3.     Whisk ¼ of whipped egg whites into yolk mixture until almost no white streaks remain (I didn’t fold in enough).  Gently fold in remaining egg whites until just incorporated.

4.     Melt butter in 10-inch ovenproof skillet over medium-low heat.  Swirl pan to coat evenly with melted butter, then gently scrape soufflé batter into skillet and cook until edges begin to set and bubble slightly, about 2 minutes.

5.     Transfer skillet to oven and bake soufflé until puffed, center jiggles slightly when shaken, and surface is golden, 7 to 11 minutes.  Using potholder (skillet handle will be hot), remove skillet from oven.  Dust soufflé with confectioners’ sugar and serve immediately (mmmmmm, this is pretty and melts-in-your-mouth!)


Follow recipe for Skillet Lemon Soufflé, substituting 1/3 cup orange juice for lemon juice and 1 tablespoon grated zest from 1 orange for lemon zest.  Gently fold 1 ounce finely grated bittersweet chocolate (about ½ cup) into soufflé batter after incorporating whites in step 3.  Grating the chocolate fine is key here; use either a Microplane grater of the fine holes of a box grater.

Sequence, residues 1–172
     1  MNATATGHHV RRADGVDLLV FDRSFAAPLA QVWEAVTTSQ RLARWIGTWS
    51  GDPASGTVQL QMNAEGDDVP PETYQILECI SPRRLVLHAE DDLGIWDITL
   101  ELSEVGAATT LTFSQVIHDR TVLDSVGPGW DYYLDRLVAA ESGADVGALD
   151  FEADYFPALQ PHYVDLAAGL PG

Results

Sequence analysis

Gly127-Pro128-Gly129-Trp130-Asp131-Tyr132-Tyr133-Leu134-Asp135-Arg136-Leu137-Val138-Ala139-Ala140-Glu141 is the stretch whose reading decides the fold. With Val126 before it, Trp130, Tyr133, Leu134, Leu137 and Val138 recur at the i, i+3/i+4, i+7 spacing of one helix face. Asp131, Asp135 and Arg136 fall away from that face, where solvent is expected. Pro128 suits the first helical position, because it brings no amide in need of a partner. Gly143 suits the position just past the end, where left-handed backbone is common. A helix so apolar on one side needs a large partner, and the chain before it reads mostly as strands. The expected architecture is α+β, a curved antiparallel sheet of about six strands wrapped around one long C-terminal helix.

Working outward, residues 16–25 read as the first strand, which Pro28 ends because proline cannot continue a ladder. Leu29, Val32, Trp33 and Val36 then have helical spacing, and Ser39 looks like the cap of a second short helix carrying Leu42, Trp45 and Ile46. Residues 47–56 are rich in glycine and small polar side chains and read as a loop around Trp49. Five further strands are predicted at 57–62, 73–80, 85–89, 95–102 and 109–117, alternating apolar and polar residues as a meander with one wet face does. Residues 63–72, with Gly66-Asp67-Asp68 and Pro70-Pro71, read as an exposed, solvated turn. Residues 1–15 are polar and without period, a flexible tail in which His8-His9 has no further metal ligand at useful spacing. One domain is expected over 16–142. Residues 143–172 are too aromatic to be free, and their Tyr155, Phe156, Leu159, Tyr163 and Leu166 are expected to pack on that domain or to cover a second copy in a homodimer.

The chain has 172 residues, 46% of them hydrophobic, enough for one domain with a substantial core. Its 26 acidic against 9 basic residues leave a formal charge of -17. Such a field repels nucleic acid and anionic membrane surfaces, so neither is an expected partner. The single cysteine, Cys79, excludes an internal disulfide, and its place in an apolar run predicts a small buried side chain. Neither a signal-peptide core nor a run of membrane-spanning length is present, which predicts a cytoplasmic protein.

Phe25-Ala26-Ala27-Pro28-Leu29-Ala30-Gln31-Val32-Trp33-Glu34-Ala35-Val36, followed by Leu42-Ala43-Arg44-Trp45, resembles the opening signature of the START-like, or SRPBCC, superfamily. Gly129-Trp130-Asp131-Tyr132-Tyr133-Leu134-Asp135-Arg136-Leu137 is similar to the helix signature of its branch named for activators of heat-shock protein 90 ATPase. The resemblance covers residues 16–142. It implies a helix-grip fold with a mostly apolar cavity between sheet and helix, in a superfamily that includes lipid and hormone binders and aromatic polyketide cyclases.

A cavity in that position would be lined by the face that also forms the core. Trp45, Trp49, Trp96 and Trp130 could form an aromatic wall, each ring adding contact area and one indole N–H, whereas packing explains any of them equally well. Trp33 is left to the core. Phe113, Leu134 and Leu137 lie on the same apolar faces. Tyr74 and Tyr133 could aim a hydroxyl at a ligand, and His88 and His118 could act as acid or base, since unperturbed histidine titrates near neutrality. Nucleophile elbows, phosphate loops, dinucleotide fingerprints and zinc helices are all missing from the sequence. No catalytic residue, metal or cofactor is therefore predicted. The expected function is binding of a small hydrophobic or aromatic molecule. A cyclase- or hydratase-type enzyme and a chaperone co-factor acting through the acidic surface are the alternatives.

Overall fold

Published September/October 2009 issue of magazine.

Happy Thanksgiving!

Tuesday, November 16, 2010

Here’s a delicious gluten-free gravy for Thanksgiving.

See that scratch-free wisk? Find it in the $1 section at Allen's Market in Bella Vista! 

Posted by Lyndi

Now’s the time to start planning your Thanksgiving meal… or, in my case, start dolling out responsibilities! 

Here is a no-fail, highly aromatic, and incredibly delicious gravy that can be used with either turkey or roast this Thanksgiving meal.

The original recipe comes from and it wasn’t gluten free.  I’ve made notations on substitutions.  If you’re not familiar with, you are missing out.  This website literally taught me how to cook!  Plus, there is a free 2-week trial offer.

All-Purpose Gravy
Makes 2 cups


1 small carrot, peeled and chopped into rough ½-inch pieces (about ½ cup)
1 small rib celery, chopped into rough ½-inch pieces (about ½ cup)
1 small onion, chopped into rough ½-inch pieces (about ¾ cup)
3 tablespoons unsalted butter (I used salted and it was just fine)
¼ cup unbleached all-purpose flour (I substituted with gluten-free rice flour.  You’ll want to add more to make it thicker)
2 cups low-sodium chicken broth
2 cups low-sodium beef broth
1 bay leaf
¼ teaspoon dried thyme
5 whole black peppercorns


1.     In food processor, pulse carrot until broken into rough ¼-inch pieces, about five 1-second pulses (actually, mine ended up being just short of pureed and it worked just fine).  Add celery and onion; pulse until all vegetables are broken into 1/8-inch pieces, about five 1-second pulses.